This is one of the strangest, most fascinating books I’ve ever read.
Essentially, Pale Fire is a poem inside a novel inside a novel. Follow? Probably not. It’s still a little confusing to me, and I’ve read it.
Vladimir Nabokov, famed author of Lolita, frames the novel around a 999 line poem written by fictional poet John Shade. The poem, which is a story in itself, is the launching point for a literary critic (who claims to be Shade’s neighbor) to provide a couple of hundred pages of commentary—through footnotes—about the poem.
The problem is, our fictional commentator (Charles Kinbote), appears to be a crazy man who stalks John Shade, and who claims to be a former king of a land called Zembla. This guy is certifiably nuts, and it’s hard to know how much he is telling is truthful and how much is purely delusional. Toward the end of the book, you may even begin to question if Kinbote just made the whole thing up entirely.
But that’s part of the fun. Pale Fire is entertaining because Nabokov basically allows you to be a detective as you try and figure out how much of what Kinbote is saying is true, a lie, an honest mistake, or just plain crazy.
Pale Fire is no doubt a strange book that’s guided by a strange man–the main character John Kinbote. He’s crazy, literally.
But like many crazy people, he has moments of genius. As the reader, you really have to be prepared for that with this novel. Kinbote is one of the most unreliable narrators you’ll ever read, and Nabokov does an outstanding job of mixing insanity and unreliability with genius and profound wisdom.
This passage describes an assassin named Gradus–who has been hired to assassinate the King of Zembla. Yeah, I don’t have time to really explain that right now, so just go with me here.
Anyway, here’s how Kinbote describe this assassin.
What did Vladimir Nabokov think about editors and the editing process?
Here’s what he had to say in a 1967 interview with The Paris Review:
Hey, did you know I’m reading Pale Fire?
Yeah, it’s my 52nd book but I’ve hardly mentioned it on the blog since my preview post on December 18. There were the holidays and giveaways, and year-end wrap-ups and so forth that got in the way of talking about this book.
So let’s talk Pale Fire, shall we?
I found this article from The Observer, written by Ron Rosenbaum, that proclaimed Pale Fire as the greatest novel of the 20th Century. Um, that’s high praise—considering that 90%, if not more, of the novels both you and I have read were written in the 20th Century—Gatsby, Ulysses, 1984, The Grapes of Wrath, etc.
I pulled out a passage from the article so you’ll have an idea of the high esteem in which this critic regards Pale Fire.
This one apparently needs some explaining.
This novel is comprised of two parts: The first section is a 999-line poem, written by the fictional poet, John Shade. The second, which is a large majority of the book, is a commentary on the poem written by the fictional Shade’s fictional colleague, Charles Kinbote.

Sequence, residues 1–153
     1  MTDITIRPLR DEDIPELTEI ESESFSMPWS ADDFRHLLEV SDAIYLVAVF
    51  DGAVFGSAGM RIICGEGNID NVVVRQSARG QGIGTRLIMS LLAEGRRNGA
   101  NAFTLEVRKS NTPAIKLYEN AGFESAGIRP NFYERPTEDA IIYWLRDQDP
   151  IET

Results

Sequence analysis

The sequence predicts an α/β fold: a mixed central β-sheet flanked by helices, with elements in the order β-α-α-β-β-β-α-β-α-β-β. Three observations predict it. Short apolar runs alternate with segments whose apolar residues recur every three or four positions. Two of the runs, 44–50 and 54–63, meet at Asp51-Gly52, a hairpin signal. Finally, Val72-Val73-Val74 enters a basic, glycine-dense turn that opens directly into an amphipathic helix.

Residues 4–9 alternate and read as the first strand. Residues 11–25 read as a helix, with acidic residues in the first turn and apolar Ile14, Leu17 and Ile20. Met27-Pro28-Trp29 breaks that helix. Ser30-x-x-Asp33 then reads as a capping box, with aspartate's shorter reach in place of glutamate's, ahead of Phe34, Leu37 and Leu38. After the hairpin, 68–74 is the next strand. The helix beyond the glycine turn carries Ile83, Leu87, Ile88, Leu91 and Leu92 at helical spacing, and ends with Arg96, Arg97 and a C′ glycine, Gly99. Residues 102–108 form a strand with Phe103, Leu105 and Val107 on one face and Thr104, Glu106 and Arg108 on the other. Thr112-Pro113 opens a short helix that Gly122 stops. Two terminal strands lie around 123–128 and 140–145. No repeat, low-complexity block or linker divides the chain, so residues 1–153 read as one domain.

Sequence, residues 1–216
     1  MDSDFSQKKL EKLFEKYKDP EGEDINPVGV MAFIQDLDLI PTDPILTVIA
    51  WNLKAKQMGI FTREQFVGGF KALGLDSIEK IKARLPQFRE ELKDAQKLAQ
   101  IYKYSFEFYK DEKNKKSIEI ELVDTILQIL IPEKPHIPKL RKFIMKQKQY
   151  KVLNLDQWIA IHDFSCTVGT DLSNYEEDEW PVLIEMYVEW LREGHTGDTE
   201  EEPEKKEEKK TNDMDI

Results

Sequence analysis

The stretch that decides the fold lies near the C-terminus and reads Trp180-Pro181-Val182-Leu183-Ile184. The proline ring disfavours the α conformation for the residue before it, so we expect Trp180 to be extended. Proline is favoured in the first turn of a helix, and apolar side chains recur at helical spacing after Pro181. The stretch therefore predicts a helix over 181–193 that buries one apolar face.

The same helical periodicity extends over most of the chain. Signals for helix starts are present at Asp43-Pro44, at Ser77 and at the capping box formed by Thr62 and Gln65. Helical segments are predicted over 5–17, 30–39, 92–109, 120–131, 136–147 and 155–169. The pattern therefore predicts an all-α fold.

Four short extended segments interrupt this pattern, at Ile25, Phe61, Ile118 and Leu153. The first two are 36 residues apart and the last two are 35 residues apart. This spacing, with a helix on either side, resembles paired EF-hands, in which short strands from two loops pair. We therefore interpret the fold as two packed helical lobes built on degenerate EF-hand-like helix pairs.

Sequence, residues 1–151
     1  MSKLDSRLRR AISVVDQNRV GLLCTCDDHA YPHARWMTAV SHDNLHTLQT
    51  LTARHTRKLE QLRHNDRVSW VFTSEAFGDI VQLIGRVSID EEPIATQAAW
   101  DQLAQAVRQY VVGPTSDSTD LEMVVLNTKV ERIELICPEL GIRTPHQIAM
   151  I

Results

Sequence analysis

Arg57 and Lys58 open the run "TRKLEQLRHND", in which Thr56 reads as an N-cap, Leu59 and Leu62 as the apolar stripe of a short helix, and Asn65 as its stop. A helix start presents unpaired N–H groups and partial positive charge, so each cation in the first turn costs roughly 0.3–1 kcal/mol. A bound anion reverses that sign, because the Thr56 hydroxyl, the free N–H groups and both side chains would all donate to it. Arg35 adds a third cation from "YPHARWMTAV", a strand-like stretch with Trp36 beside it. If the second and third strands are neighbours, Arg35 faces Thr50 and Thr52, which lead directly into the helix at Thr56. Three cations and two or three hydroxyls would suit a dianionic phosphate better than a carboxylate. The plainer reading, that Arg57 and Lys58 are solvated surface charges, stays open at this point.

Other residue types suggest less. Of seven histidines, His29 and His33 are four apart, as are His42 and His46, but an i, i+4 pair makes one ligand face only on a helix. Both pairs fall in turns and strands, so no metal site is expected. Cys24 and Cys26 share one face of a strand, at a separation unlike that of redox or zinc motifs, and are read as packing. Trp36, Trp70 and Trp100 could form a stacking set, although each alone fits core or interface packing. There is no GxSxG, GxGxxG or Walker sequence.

So what we have here is Vladimir Nabokov, whom you might remember from Lolita fame, writing a novel inside a novel, which is more like a poem and a commentary about said poem.
Follow? Me neither.
But we have some time to figure this thing out. In the meantime, let’s look at some quick facts about Pale Fire and its famous author, Vladimir Nabokov.
Lolita, at its core, is about the sexual abuse of a child. That’s why, for me, it was such a difficult book to read.
Complicating matters is the novel’s cover, which usually has some type of suggestive image of a young girl. Not exactly material you want to carry around in public.
And the covers also seemed to miss the mark on the book’s theme–which was more about a creepy old pervert than a suggestive young girl. Many recent covers of the novels seemed to take their inspiration more from Stanley Kubrick’s outlandish film, rather than Nabokov’s book.
So recently, I stumbled across this as-yet-unreleased book called Recovering Lolita, which gave 60 world-class designers the opportunity to redesign the cover of this classic novel. And let’s be honest: This book’s cover desperately needs new eyes and a fresh look.
After reading 33 books in 16 months, it finally happened: I don’t know what to say.
What I mean is that I have so much to say that I don’t know how to say anything. I’m speechless…well, except for the fact that this is probably my longest review.
You see, I don’t know how to review this book. I’m baffled.
By now, it’s obvious that I’m highly uncomfortable reading Lolita.
That said, the book is beautifully written–and as I mentioned yesterday, it’s disturbing how effortlessly Nabokov seems to get inside the head of a pedophile.
My discomfort with this novel also raises a point we’ve discussed before: When a book brings a lot of negative emotions out of you–anger, depression, disdain–doesn’t that simply mean the author has written an amazing novel? If I really dislike this protagonist, Humbert, doesn’t that simply mean the author did his job of writing a powerful character?